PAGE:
38. Miracles and Mindreading 378
39. Creation 380
40. Evil 385
41.Karma 389
42 Death 396
43Reincarnation 399
44. God402
45. Biography 407
Afterword 411
Glossary 413
Index 434

Journey of a Master: Swami Chinmayananda (The Man, the Path, the Teaching)

Item Code:
IHL209
Cover:
Paperback
Edition:
2009
ISBN:
9788175973053
Size:
8.5 Inch X 5.5 Inch
Pages:
450 (B/W 5 Illustrations)
Other Details:
a52_books
Price:
$20.00   Shipping Free
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From back of the Book

For over forty years Swami Chinmayananda was one of the leading interpreters and teachers of the Hindu philosophical system of Advaita Vedanta, which establishes with exact logic the identity of the Self (Atman) with the infinite (Brahman). Through a variety of institutions and methods, particularly the jnana yajnas, rituals of truth, he worked to rejuvenate Hinduism by making hitherto inaccessible insights of the Upanishads and the Bhagavad Gita available to the general people. Thereby, he was instrumental in bringing the wisdom of the Hindu Heritage to everyone, regardless of caste, creed, gender or nationality.

This, the first biography of Swami Chinmayananda, retraces his journey from his boyhood in Kerala, through his carefree college days and rebellion against British imperialism, then his spiritual tutelage under Swami Shivananda and Swami Tapovan. An account is given detailing the growth of a worldwide movement under his guidance. Included are conversations with him on different subjects that demonstrate his sharp intellect, deep wisdom and quick wit. He is undoubtedly one of the outstanding and influential figures in the modern history of India.

Preface

With this edition I was asked to complete Swami Chinmayananda’s life through to his mahasamadhi [death]. In the first edition, several readers found several inconsistencies in regard to dates, which I have happily corrected. Others felt I had excluded certain names or anecdotes. These comments impelled me to consider why I had written the biography. No doubt I spent consider why I had written the biography. No doubt I spent considerable time in research to be able to compile all the facts accurately. The many people I personally interviewed are acknowledged at the end of the book. Nonetheless, this compilation of facts was only the backdrop of the true reason for writing the book.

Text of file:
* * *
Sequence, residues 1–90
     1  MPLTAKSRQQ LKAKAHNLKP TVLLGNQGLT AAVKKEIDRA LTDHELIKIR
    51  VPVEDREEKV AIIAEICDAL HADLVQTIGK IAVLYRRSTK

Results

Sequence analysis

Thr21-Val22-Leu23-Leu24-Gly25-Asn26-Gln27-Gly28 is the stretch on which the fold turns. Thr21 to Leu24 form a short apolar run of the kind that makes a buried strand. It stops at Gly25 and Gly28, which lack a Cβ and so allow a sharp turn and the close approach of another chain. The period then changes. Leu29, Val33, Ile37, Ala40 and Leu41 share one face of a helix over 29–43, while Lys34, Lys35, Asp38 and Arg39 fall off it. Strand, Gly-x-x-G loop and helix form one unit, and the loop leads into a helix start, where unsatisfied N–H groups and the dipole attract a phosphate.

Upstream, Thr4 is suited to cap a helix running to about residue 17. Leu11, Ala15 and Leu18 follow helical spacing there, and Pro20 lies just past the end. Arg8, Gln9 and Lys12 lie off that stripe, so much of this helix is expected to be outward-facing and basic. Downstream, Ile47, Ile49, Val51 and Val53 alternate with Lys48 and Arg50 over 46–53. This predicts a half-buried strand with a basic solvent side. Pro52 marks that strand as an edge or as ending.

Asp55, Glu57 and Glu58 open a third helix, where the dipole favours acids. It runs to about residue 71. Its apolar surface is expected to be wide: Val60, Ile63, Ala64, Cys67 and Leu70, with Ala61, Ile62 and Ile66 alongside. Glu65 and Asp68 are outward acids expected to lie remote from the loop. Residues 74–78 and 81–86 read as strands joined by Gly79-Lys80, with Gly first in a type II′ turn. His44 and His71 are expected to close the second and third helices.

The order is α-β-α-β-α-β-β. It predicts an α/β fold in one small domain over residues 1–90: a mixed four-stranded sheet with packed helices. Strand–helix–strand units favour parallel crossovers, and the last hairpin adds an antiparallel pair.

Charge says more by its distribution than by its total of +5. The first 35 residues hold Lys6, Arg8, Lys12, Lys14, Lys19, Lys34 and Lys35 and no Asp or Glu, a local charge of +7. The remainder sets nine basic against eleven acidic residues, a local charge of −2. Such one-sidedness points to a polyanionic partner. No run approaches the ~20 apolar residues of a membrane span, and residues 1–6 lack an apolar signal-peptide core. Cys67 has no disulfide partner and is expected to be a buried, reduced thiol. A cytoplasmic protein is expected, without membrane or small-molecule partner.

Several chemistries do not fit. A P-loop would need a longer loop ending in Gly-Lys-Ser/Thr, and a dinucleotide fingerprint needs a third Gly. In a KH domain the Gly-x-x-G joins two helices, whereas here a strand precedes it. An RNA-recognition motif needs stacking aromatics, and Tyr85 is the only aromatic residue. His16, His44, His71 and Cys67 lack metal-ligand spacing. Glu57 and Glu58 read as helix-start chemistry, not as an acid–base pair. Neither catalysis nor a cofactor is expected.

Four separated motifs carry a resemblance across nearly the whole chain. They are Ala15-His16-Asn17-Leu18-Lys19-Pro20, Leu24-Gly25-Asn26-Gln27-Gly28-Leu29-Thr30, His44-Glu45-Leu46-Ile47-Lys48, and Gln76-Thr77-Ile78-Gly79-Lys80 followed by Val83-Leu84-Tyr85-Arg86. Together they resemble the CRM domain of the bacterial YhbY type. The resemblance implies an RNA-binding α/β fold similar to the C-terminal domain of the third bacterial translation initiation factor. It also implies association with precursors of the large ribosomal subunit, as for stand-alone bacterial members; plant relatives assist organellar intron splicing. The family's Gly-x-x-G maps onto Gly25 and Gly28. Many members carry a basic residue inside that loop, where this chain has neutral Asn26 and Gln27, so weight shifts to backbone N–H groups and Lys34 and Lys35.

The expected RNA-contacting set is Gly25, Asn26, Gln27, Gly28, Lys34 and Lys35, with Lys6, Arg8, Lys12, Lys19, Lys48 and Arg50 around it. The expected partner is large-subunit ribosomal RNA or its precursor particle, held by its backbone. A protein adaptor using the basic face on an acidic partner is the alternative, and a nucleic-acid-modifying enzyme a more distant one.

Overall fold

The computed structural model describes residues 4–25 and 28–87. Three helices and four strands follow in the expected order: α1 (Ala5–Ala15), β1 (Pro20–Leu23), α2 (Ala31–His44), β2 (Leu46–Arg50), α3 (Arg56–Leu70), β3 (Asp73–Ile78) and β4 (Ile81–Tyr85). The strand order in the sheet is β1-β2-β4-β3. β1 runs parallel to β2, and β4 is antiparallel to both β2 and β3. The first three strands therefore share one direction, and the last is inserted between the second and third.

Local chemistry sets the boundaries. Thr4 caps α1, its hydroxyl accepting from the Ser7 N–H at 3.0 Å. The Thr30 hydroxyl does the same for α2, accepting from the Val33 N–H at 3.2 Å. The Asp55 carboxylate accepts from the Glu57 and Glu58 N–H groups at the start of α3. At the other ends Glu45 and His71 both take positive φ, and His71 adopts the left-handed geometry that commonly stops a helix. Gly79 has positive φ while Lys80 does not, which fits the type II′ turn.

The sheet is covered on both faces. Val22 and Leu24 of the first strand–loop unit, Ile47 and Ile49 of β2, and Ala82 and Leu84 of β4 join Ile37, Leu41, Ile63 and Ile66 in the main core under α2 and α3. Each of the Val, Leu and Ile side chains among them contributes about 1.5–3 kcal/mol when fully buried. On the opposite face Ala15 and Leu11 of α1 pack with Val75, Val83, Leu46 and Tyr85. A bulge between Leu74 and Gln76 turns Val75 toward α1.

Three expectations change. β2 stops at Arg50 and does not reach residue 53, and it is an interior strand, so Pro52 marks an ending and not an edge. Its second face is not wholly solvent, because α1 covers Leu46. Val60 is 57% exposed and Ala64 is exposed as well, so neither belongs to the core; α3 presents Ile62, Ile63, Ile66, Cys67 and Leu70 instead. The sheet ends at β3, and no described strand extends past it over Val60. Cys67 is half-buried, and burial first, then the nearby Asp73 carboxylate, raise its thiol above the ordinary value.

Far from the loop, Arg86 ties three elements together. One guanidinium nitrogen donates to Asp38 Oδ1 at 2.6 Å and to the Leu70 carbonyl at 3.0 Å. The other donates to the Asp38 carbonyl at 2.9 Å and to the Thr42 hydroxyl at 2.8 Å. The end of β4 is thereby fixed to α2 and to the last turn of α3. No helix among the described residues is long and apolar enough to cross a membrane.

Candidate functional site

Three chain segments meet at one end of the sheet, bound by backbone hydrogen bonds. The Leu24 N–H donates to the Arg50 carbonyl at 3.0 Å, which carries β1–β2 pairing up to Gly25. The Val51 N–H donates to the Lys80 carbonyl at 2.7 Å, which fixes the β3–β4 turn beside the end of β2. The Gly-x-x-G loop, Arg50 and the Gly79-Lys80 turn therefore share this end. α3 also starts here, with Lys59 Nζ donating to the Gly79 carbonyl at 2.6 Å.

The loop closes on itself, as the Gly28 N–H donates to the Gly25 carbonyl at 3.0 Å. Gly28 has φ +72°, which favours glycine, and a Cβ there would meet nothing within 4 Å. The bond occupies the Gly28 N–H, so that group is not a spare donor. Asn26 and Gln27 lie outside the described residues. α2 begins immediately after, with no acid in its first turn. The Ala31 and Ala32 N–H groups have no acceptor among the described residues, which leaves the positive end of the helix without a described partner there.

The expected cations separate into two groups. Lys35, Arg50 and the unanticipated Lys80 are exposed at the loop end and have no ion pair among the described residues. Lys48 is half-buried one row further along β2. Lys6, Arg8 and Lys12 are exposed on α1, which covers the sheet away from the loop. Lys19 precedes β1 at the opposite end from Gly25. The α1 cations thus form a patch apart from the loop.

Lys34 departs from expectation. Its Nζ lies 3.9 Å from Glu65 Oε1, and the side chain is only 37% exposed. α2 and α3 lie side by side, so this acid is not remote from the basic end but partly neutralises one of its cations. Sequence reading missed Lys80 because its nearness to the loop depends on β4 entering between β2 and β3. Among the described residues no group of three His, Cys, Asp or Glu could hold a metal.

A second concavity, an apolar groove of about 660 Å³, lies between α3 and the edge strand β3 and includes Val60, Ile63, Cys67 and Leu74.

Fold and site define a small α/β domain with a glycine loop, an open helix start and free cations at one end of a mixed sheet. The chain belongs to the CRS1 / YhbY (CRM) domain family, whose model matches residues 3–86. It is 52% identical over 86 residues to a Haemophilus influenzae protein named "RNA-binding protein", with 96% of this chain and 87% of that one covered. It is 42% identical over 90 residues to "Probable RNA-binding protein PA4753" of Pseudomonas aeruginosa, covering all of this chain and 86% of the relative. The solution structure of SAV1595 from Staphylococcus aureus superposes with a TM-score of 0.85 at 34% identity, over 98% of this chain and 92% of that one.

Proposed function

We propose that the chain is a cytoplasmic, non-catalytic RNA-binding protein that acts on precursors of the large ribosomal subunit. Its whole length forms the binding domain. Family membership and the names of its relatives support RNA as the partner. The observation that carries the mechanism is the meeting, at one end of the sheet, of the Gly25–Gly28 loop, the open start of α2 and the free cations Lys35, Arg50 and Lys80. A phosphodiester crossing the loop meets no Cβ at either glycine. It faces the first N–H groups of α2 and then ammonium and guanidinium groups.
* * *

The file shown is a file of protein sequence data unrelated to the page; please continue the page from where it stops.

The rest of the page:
Swami Chinmayananda was a human being who had the courage, independence and innate intelligence to realize his Divinity. He dedicated that same courage, independence and intelligence to point out to us that we too are Divine. Had he not been a human being like us, his life’s journey to the Truth would have had little meaning for us. Because he was a man, his life and his teachings offer us a model of what is “humanly” possible. Certainly, we can worship Swamiji as God, but we must not fail to worship ourselves as God too. This incredible Truth was the essence of his teaching. Although each journey to this Truth is unique, I Thought that his story would give us some hope, insight – and courage – to take our journey to the Self.

Life has its mystery, its majesty, its illusions, its deceptions. There are very few things one can be sure of, but I am absolutely certain of one thing. I am the person I am today only because I met a master, Swami Chinmayananda. I remain forever grateful.

To the Reader…

This book was not intended for scholars, but was written so that the average person interested in India would be able to gain a greater understanding of reality unknown to us in the West. Because of the many new ideas, one must read the book through with an open mind in order to get a complete picture before any assessments or judgments are made. Although I have attempted to communicate as clearly as possible, many new concepts and words of the Indian culture have made it difficult. Therefore, I suggest that if you do not comprehend the nuance of an idea or word you put it in the back of your mind, for the term will surely come up again in the text. In this manner, you will continue broadening your understanding of the various concepts.

Sanskrit is intimidating because there are no accurate English translations for many of the essential words. When the sense of a word has been narrowed by the English translation I have put the Sanskrit word in parenthese after it. In direct quotations, I did not take that liberty; there, I placed the English translations in brackets after the Sanskrit word. When the word was a common one, after using it several times, I began to incorporate the Sanskrit term into the text. A Glossary is provided for a more elaborate definition of he Sanskrit words. For understanding of the spiritual concepts that are introduced in the text, the final section, The Teaching, brings together and elaborates on all the philosophical ideas.

The Inspiration

Can I do it?